Small but nice fishing boat...

Discussion in 'General Card Modeling' started by THE DC, Jul 20, 2017.

  1. THE DC

    THE DC Highly Esteemed Member

    Joined:
    Nov 12, 2008
    Messages:
    633
    Likes Received:
    111
    Hey, after a bunch of broken threads I found this nice little kit at a working site; so I wanted to share in case someone else had hunted it and given up!!!

    Enjoy:


    https://cfp.muerell.de/products/9
    spaceagent-9 and zathros like this.
  2. zathros

    zathros -----SENIOR---- Administrator Moderator

    Joined:
    Apr 6, 2013
    Messages:
    8,211
    Likes Received:
    3,952
    I've seen this before. It is a nice ship/fishing/cargo boat. Good of you to showcase it again. ;)
  3. THE DC

    THE DC Highly Esteemed Member

    Joined:
    Nov 12, 2008
    Messages:
    633
    Likes Received:
    111
    Hope someone finds it worthwhile...
  4. Rhaven Blaack

    Rhaven Blaack ADMINISTRATOR Administrator Moderator

    Joined:
    Jun 12, 2009
    Messages:
    7,686
    Likes Received:
    2,637
    Thank you for sharing this with us!
    I have downloaded it. It looks like you could add some greebles to it as well.
  5. zathros

    zathros -----SENIOR---- Administrator Moderator

    Joined:
    Apr 6, 2013
    Messages:
    8,211
    Likes Received:
    3,952
    Had to upload a pic. ;)



    SmalFishingBoat.jpg
  6. lizzienewell

    lizzienewell Member

    Joined:
    Jun 25, 2005
    Messages:
    244
    Likes Received:
    120
    Interesting. The boat looks odd to my Alaskan eyes. I looks like it's probably a seiner. But around here the boom and hold are usually on the stern not the prow. I assume that's the prow to the right. The boom looks to me like it's gong the wrong way. I'm not sure how the seine net would be deployed or pulled in. And I'm not sure where the bridge/wheel house is located. Okay judging by the funnels, the left side is the prow but that makes for a weird looking stern. This probably has to do with regional differences in boat design. I looked up photos of the original. It looks as if the wheelhouse/bridge is in the part sticking up in the middle. In the photos the boom isn't shown going over the roof of the bridge. The prow is to the right. I'm still not sure what they did with the boom. The shrouds seem to be in the way.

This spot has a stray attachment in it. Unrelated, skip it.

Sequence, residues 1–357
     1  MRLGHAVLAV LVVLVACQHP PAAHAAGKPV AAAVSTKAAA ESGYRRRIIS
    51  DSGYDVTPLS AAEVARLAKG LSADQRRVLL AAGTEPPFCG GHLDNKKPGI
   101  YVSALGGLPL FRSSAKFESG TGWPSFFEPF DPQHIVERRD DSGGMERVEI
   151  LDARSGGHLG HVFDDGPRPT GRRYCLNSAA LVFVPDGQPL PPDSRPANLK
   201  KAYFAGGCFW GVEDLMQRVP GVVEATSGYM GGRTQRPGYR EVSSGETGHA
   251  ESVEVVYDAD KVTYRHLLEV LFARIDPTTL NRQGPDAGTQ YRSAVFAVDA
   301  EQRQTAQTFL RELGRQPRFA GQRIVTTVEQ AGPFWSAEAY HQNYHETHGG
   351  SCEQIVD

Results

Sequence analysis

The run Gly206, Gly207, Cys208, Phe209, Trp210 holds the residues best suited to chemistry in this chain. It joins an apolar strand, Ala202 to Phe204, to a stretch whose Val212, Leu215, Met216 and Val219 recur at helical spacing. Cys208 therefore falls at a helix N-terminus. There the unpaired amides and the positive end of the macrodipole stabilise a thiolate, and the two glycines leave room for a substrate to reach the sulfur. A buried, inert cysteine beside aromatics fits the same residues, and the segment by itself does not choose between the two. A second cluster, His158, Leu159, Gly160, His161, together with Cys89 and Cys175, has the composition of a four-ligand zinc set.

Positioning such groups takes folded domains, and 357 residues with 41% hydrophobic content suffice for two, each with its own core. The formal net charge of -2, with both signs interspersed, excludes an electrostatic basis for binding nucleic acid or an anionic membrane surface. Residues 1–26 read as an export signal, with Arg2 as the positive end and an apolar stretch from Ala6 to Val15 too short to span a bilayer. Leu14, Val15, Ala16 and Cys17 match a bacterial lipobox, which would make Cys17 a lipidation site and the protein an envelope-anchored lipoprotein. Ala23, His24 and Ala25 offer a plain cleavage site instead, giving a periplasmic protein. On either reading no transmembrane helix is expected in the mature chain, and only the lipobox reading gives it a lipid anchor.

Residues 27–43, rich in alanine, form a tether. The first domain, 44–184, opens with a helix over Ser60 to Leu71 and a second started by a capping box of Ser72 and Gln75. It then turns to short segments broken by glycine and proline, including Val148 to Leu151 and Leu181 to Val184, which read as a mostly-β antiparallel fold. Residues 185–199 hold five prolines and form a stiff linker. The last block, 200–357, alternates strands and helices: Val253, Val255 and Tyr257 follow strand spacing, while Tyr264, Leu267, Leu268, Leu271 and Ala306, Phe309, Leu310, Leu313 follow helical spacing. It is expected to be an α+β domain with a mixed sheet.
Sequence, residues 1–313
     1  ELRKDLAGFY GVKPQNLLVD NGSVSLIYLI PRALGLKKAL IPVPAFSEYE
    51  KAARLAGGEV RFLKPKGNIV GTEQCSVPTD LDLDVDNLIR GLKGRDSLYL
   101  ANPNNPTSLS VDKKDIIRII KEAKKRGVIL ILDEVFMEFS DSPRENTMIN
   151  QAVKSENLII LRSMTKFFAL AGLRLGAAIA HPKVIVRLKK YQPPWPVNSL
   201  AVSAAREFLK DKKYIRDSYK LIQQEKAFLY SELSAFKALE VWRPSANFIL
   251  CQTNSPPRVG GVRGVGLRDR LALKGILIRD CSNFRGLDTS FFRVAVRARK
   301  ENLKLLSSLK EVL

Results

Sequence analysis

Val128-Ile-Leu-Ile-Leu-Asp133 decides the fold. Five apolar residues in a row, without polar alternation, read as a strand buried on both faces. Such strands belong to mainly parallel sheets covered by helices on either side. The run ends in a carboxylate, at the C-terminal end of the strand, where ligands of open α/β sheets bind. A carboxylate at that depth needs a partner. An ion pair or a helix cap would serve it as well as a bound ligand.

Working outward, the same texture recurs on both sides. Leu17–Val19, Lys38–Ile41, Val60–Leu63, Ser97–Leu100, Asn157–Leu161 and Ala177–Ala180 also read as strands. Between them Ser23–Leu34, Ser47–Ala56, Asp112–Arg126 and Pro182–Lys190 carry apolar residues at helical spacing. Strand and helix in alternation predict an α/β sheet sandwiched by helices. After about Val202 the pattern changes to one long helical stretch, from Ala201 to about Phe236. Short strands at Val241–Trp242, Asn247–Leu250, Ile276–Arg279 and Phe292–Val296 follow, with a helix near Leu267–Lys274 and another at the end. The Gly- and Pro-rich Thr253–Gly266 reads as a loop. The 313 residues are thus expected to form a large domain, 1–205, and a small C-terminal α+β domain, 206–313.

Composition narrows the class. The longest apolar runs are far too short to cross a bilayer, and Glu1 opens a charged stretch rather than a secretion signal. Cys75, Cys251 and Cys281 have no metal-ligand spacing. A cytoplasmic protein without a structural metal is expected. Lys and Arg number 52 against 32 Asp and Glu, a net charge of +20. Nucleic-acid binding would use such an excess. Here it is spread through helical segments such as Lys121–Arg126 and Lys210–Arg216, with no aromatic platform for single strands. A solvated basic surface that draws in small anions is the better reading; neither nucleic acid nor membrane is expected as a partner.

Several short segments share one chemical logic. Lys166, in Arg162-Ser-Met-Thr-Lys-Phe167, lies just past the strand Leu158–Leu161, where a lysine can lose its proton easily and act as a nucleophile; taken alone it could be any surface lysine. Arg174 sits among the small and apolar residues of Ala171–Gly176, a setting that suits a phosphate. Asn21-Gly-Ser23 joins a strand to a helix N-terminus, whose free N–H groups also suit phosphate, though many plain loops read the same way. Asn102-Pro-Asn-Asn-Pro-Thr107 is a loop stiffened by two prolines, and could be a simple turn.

Thanks for sharing. I had a good time looking at boats.
    Cybergrinder likes this.
  7. zathros

    zathros -----SENIOR---- Administrator Moderator

    Joined:
    Apr 6, 2013
    Messages:
    8,211
    Likes Received:
    3,952
    These were small cargo boats, and they were deployed in war time, that's why they have machine guns on them. The boom is really to help stop roll more than anything else. it's also a crane, to mount goods into the Hold, the boom arm can go almost vertical, the Hold is just below the boom. These boats had a very deep keep, which made them seaworthy. 2/3'ds of the boat is underwater. In reality, the shroud was probably a bit more forward, but not by much, next do a dock, that boom extended pretty far out, once tied, with multiple pulleys, they could put the "goods" in however they needed to, as long as it they through the hold opening. Much smuggling was done in boats like these. Too small to be bothered. To small to be of much use once commercial Hauling was safe, many were converted into pleasure craft, of if steel, broken up for scrap. ;)
    Cybergrinder likes this.
  8. lizzienewell

    lizzienewell Member

    Joined:
    Jun 25, 2005
    Messages:
    244
    Likes Received: